Company spokesman Dave Johnson said the switch, used to direct Internet traffic, began "blinking on and off" at 4 a.m. PDT. For the next 90 minutes, about half of allWorldNet subscribers couldn't read e-mail or use personalized Web pages, he said.
Some customers still couldn't access personalized Web pages nearly three hours after the faulty switch was taken offline and Internet traffic was rerouted to other parts of AT&T's network. "We're putting the finishing touches on that problem now," Johnson said.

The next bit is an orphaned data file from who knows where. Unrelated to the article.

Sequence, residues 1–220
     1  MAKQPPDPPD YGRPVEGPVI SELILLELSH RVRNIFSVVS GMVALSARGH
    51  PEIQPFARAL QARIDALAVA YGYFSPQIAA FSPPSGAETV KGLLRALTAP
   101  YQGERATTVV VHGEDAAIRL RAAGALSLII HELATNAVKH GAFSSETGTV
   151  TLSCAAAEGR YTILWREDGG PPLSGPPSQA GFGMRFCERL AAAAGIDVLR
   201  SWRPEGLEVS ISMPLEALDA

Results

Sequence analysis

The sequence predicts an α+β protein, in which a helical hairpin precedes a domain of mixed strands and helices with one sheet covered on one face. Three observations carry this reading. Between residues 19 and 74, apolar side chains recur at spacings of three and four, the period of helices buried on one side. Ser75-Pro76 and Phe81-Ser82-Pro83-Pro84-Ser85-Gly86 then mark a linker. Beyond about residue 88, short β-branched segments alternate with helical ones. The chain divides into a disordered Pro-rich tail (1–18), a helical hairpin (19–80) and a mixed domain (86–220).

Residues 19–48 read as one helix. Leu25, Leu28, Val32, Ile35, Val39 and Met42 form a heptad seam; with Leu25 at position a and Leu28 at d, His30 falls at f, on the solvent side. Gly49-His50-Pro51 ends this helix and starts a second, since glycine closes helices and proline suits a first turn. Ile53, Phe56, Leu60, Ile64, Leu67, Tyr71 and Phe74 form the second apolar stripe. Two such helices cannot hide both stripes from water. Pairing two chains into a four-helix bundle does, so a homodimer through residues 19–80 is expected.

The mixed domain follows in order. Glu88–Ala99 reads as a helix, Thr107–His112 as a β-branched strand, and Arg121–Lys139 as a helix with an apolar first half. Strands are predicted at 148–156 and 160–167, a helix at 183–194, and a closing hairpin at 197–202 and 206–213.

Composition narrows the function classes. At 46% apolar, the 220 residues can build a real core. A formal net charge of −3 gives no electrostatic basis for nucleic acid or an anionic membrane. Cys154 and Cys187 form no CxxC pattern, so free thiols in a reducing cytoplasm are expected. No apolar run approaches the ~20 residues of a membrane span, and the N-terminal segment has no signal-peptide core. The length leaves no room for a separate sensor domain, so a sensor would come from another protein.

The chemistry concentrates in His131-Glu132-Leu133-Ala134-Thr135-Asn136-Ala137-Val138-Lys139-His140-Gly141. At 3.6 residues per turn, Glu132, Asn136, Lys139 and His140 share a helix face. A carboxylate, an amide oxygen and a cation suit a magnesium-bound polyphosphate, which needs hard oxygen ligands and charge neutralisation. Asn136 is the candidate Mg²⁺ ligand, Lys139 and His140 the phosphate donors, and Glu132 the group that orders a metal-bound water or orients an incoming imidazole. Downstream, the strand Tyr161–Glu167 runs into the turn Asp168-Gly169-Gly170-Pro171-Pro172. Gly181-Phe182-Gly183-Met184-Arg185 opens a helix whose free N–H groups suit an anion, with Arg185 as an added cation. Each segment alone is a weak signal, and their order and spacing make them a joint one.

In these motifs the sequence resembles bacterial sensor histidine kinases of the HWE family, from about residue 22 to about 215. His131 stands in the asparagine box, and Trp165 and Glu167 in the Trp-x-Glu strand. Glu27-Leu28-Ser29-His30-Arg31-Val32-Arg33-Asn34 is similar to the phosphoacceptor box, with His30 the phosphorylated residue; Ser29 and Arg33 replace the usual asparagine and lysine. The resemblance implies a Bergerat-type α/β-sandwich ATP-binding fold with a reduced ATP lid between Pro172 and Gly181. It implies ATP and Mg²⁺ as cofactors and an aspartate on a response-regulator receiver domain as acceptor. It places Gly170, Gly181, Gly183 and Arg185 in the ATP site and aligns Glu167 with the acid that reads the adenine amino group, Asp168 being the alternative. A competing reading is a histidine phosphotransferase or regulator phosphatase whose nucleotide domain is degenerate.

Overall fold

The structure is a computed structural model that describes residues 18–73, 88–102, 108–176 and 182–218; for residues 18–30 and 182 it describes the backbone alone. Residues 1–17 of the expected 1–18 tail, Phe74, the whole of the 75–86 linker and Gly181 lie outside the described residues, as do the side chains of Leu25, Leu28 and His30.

The Web access provider launched an investigation to determine why the switch began, as Johnson puts it, "blinking on and off" between working and not working. He wouldn't speculate on a possible cause.
AT&T WorldNet uses digital subscriber lines (DSL), whichare the most popular method to deliver broadband access to homes and offices.
The provider has a relatively small number of subscribers but is among thein the country, providing downloads at nearly twice the industry average, according to a recent survey.